Blog
About

  • Record: found
  • Abstract: found
  • Article: found
Is Open Access

Electrochemical Co-Reduction Synthesis of AuPt Bimetallic Nanoparticles-Graphene Nanocomposites for Selective Detection of Dopamine in the Presence of Ascorbic Acid and Uric Acid

Read this article at

Bookmark
      There is no author summary for this article yet. Authors can add summaries to their articles on ScienceOpen to make them more accessible to a non-specialist audience.

      Abstract

      In this paper, AuPt bimetallic nanoparticles-graphene nanocomposites were obtained by electrochemical co-reduction of graphene oxide (GO), HAuCl 4 and H 2PtCl 6. The as-prepared AuPt bimetallic nanoparticles-graphene nanocomposites were characterized by scanning electron microscopy (SEM), electrochemical impedance spectroscopy (EIS) and other electrochemical methods. The morphology and composition of the nanocomposite could be easily controlled by adjusting the HAuCl 4/H 2PtCl 6 concentration ratio. The electrochemical experiments showed that when the concentration ratio of HAuCl 4/H 2PtCl 6 was 1:1, the obtained AuPt bimetallic nanoparticles-graphene nanocomposite (denoted as Au1Pt1NPs-GR) possessed the highest electrocatalytic activity toward dopamine (DA). As such, Au1Pt1NPs-GR nanocomposites were used to detect DA in the presence of ascorbic acid (AA) and uric acid (UA) using the differential pulse voltammetry (DPV) technique and on the modified electrode, there were three separate DPV oxidation peaks with the peak potential separations of 177 mV, 130 mV and 307 mV for DA and AA, DA and UA, AA and UA, respectively. The linear range of the constructed DA sensor was from 1.6 μM to 39.7 μM with a detection limit of 0.1 μM ( S/N = 3). The obtained DA sensor with good stability, high reproducibility and excellent selectivity made it possible to detect DA in human urine samples.

      Related collections

      Most cited references 63

      • Record: found
      • Abstract: found
      • Article: not found

      A green approach to the synthesis of graphene nanosheets.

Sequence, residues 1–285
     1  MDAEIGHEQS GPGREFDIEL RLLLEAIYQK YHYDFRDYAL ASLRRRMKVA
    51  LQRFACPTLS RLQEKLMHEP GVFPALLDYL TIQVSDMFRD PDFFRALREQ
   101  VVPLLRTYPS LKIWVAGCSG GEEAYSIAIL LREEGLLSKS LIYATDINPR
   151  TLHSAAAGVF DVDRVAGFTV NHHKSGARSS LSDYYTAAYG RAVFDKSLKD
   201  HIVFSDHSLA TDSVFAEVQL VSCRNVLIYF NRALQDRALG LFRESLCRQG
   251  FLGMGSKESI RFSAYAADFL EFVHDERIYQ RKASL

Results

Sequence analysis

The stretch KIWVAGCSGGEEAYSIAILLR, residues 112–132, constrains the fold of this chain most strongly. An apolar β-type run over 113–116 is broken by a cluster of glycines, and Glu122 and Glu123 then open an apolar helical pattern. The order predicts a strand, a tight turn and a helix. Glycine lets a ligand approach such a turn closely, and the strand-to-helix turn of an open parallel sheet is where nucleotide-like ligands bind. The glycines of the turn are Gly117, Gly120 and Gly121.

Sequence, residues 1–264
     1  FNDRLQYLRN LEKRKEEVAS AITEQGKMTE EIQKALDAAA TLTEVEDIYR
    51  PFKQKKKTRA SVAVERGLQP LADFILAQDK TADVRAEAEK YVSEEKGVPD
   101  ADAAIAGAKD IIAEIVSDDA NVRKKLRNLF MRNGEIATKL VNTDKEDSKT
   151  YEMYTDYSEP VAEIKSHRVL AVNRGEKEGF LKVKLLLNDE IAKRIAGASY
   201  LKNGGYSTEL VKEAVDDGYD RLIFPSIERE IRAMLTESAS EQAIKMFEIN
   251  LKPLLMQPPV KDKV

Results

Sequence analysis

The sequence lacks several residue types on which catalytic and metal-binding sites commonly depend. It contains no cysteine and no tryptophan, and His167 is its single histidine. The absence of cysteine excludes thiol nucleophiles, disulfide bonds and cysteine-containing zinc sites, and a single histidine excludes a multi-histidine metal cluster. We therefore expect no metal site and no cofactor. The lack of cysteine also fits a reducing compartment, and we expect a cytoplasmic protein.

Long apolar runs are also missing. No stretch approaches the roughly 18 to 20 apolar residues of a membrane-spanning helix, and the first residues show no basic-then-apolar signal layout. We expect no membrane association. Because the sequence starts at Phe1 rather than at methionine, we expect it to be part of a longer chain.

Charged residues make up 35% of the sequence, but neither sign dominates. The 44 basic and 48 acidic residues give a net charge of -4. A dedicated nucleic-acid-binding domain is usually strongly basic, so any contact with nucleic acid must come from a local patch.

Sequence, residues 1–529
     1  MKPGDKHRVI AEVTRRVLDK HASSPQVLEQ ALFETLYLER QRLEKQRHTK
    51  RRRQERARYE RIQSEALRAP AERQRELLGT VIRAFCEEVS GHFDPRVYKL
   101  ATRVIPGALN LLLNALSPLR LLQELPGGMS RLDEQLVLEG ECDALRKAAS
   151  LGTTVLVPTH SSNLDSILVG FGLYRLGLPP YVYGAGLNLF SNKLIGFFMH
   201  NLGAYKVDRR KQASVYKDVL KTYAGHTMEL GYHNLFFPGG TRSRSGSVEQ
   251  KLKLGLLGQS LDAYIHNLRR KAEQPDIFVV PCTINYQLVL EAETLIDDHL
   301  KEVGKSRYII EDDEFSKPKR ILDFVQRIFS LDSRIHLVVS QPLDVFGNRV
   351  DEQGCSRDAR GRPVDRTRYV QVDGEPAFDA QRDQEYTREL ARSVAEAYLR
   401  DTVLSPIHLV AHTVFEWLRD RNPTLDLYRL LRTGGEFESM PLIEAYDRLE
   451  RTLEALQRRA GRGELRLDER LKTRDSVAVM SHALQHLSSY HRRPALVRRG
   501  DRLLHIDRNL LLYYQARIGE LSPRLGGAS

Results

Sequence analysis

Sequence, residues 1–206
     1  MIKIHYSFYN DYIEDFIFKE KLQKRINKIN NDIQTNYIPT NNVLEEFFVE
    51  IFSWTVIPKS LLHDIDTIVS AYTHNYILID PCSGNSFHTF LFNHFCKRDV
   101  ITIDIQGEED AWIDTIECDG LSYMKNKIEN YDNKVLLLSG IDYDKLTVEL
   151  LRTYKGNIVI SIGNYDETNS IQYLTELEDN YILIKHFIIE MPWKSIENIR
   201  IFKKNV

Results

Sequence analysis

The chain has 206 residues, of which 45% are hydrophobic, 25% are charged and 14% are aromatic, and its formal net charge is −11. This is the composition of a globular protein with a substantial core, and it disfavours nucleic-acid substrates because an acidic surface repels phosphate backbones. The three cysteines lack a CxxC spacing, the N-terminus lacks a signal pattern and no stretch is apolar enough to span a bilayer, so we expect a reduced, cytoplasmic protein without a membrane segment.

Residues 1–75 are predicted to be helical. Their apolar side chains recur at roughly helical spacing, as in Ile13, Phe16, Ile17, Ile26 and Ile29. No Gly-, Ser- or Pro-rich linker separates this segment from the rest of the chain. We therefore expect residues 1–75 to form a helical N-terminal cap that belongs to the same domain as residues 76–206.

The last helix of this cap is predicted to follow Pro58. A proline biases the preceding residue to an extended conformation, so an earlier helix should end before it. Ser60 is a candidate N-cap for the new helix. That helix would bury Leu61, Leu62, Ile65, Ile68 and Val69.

Lin Guo,  Feng Wang,  XING XIA (2009)
      Graphene can be viewed as an individual atomic plane extracted from graphite, as unrolled single-walled carbon nanotube or as an extended flat fullerene molecule. In this paper, a facile approach to the synthesis of high quality graphene nanosheets in large scale through electrochemical reduction of exfoliated graphite oxide precursor at cathodic potentials (completely reduced potential: -1.5 V) is reported. This method is green and fast, and will not result in contamination of the reduced material. The electrochemically reduced graphene nanosheets have been carefully characterized by spectroscopic and electrochemical techniques in comparison to the chemically reduced graphene-based product. Particularly, FTIR spectra indicate that a variety of the oxygen-containing functional groups have been thoroughly removed from the graphite oxide plane via electrochemical reduction. The chemically converted materials are not expected to exhibit graphene's electronic properties because of residual defects. Indeed, the high quality graphene accelerates the electron transfer rate in dopamine electrochemistry (DeltaE(p) is as small as 44 mV which is much smaller than that on a glassy carbon electrode). This approach opens up the possibility for assembling graphene biocomposites for electrocatalysis and the construction of biosensors.